The player, either standing or seated, holds the instrument vertically in front of him- or herself. A neck strap attached to the back of the instrument supports most of the instrument’s weight, assisted by a thumb rest for the right hand thumb. The thumb and all the fingers of the left hand and all the fingers of the right hand are used to operate the keywork. The tip of the mouthpiece is inserted into the player’s mouth and pressed upon from the top with the upper teeth and from beneath (the reed side) with the lower lip; a tight seal around the mouthpiece is produced with the player’s lips using the embouchure muscles. The instrument functions acoustically as an open conical tube, meaning that it overblows at every harmonic partial (starting at the octave above the fundamental). With all the finger holes covered the lowest sounding pitch on the soprano saxophone in B-flat is A-flat3; the upper limit of its range depends on the performer, but E-flat6 is usually given as its nominal highest note. Its compass is therefore about two-and-one-half octaves, and over this range it is fully chromatic. It has a rich, full tone over much of its compass, and a wide dynamic range. Jazz saxophonists and avant-garde musicians in particular often challenge the conventional limits of sound production: by extending the instrument's upper register; through the bending of pitches; and by producing expressive timbral effects achieved through overblowing, multiphonics and other forms of intentional distortion. As with all B-flat and E-flat saxophones, notation for the soprano saxophone is written in the treble clef between B-flat3 and F6; it sounds a major second lower than notated.


The soprano saxophone is a member of a family of like instruments invented around 1840 by the Belgium instrument maker Adolphe Sax. A patent for the saxophone family was awarded to Sax by the French government on 22 June 1846, but the actual invention of the instrument may have been as early as 1838. He designed two lines of saxophones each in seven registers, one set for orchestral use (all but one model in this line are now obsolete) and the other for military band use (of which four registers, including the soprano saxophone in B-flat, remain in common use today). Sax’s original concept and design of the soprano saxophone has held up fairly well over time, although numerous changes to his key-work system and the addition of more tone holes have been made by subsequent makers over the years, some of which have been retained, others not.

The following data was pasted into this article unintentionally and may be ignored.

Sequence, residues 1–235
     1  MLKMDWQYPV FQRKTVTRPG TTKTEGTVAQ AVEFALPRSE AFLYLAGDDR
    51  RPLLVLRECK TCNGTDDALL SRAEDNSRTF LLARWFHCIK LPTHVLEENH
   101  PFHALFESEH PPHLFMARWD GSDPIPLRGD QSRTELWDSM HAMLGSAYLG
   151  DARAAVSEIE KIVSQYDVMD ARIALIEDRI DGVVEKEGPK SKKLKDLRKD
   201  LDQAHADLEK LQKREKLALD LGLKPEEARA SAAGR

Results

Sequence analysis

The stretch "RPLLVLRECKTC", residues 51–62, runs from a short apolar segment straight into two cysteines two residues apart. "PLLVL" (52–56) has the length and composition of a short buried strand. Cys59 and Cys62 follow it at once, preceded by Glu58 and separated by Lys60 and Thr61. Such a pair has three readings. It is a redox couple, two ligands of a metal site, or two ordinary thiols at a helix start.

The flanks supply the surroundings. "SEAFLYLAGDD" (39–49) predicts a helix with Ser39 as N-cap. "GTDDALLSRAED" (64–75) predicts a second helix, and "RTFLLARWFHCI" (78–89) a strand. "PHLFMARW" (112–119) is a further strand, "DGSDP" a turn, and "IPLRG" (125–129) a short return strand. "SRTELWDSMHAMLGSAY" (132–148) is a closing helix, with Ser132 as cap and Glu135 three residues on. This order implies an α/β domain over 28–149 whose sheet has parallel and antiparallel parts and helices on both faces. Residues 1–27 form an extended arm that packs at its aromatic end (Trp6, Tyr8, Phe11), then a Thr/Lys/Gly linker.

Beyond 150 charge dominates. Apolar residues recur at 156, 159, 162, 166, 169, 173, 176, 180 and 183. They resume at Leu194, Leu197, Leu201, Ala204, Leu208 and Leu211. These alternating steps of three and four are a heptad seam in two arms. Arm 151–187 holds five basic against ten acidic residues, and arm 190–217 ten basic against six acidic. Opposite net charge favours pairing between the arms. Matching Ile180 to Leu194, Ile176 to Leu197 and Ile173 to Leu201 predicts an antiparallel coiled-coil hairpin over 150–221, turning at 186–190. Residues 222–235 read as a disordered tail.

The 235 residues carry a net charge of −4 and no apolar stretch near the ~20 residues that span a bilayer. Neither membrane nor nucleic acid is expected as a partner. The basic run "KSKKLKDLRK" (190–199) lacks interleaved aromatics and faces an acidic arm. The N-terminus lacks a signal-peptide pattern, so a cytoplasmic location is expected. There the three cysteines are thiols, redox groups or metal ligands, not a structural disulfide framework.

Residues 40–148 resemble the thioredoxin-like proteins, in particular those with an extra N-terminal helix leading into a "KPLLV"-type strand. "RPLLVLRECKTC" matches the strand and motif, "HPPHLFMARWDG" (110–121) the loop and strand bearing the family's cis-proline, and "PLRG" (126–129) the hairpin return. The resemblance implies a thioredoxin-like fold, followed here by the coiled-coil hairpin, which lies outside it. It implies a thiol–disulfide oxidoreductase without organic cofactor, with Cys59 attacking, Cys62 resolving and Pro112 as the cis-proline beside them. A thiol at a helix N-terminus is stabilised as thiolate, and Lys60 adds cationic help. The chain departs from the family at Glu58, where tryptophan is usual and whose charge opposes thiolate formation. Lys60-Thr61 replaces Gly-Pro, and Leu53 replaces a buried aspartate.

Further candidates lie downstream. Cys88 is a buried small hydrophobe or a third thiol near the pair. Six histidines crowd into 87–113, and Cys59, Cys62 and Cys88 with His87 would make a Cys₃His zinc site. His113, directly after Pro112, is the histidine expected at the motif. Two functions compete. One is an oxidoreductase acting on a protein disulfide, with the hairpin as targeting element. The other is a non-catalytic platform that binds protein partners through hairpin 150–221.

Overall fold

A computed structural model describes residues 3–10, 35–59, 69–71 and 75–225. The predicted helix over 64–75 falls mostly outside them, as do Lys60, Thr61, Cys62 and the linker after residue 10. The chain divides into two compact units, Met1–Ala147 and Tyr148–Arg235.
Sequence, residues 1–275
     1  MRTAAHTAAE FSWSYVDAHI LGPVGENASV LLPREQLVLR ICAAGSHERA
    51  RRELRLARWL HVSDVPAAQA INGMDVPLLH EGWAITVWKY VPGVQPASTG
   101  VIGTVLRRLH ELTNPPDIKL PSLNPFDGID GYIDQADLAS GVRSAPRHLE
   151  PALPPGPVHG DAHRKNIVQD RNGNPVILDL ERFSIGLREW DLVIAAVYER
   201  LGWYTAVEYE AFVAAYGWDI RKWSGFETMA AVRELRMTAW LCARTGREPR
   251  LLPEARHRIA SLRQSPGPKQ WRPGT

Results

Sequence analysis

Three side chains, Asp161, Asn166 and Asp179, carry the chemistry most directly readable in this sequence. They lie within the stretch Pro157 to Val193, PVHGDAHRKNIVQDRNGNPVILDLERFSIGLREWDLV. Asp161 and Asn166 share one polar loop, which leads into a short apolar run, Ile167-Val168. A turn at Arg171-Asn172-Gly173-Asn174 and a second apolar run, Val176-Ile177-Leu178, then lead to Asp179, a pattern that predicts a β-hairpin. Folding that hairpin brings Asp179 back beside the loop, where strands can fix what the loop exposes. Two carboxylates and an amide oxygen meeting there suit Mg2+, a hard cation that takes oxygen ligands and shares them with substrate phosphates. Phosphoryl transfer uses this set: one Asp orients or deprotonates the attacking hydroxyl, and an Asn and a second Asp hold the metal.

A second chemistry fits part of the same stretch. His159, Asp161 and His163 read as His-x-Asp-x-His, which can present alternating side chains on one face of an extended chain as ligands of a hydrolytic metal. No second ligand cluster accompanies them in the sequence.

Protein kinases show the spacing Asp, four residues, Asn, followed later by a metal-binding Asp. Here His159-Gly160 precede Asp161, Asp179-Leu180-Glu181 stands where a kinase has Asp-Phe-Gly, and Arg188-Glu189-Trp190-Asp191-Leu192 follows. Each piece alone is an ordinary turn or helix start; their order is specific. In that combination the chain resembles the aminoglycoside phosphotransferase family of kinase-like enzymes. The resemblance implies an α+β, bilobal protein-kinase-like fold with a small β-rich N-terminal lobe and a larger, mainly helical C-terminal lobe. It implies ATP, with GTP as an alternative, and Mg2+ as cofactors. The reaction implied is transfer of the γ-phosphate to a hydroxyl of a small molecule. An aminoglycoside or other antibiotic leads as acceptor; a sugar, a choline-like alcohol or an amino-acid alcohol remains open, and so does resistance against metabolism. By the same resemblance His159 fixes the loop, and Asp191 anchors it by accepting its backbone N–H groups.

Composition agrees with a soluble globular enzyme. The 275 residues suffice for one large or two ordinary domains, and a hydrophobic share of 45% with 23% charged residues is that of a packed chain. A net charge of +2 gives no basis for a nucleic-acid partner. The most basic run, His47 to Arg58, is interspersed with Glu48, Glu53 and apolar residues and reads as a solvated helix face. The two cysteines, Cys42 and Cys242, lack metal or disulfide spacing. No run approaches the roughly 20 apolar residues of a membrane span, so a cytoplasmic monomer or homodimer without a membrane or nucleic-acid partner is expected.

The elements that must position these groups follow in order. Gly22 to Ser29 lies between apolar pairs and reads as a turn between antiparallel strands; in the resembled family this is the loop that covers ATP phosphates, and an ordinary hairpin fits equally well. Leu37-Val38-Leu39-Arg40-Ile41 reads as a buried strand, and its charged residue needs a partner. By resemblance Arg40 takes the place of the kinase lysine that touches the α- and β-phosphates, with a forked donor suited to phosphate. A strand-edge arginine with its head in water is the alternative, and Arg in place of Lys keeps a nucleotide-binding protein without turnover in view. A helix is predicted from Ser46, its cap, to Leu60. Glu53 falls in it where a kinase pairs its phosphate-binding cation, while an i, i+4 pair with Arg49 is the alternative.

Bibliographic Citations

Baines, Anthony. 1962. Woodwind Instruments and their History. New York: W.W. Norton.

Bate, Philip, and J. Bradford Robinson. 1984. “Saxophone.” NGDMI v.3: 313-319.

Campbell, Murray, Clive Greated, and Arnold Meyers. 2004. Musical Instruments: History, Technology, and Performance of Instruments of Western Music. Oxford: Oxford University Press.

Carse, Adam. 1975 (1965). Musical Wind Instruments. New York: Da Capo Press.

Ingham, Richard, ed. 1998. The Cambridge Companion to the Saxophone. Cambridge: Cambridge University Press.


Instrument Information


Continent: Europe

Region: Western Europe

Nation: Belgium

Formation: European

Classification (Sachs-Von Hornbostel revised by MIMO)

422.212.2 aerophone--single conical-bore reedpipe with single reed: the pipe has a [single] reed consisting of a lamella which periodically opens and closes an aperture, controlling the flow of air; with fingerholes stopped with keys

Design and Playing Features

Category: aerophone

Air cavity design: tubular - conical with flaring open distal end

Source and direction of airstream: player exhalation through mouth into air cavity; unidirectional

Energy transducer that activates sound: exposed percussion (single) reed

Means of modifying shape and dimensions of standing wave in air cavity: opening fingerholes to reduce space or shorten length of standing wave in air cavity

Overblowing utilization: overblowing at consecutive partials

Pitch production: multiple pitches - changing length of standing wave within cavity with fingerholes and by selecting partials through overblowing


27.6 in. length

Primary Materials

reed - cane
spring - flat and/or needle





Entry Author

Roger Vetter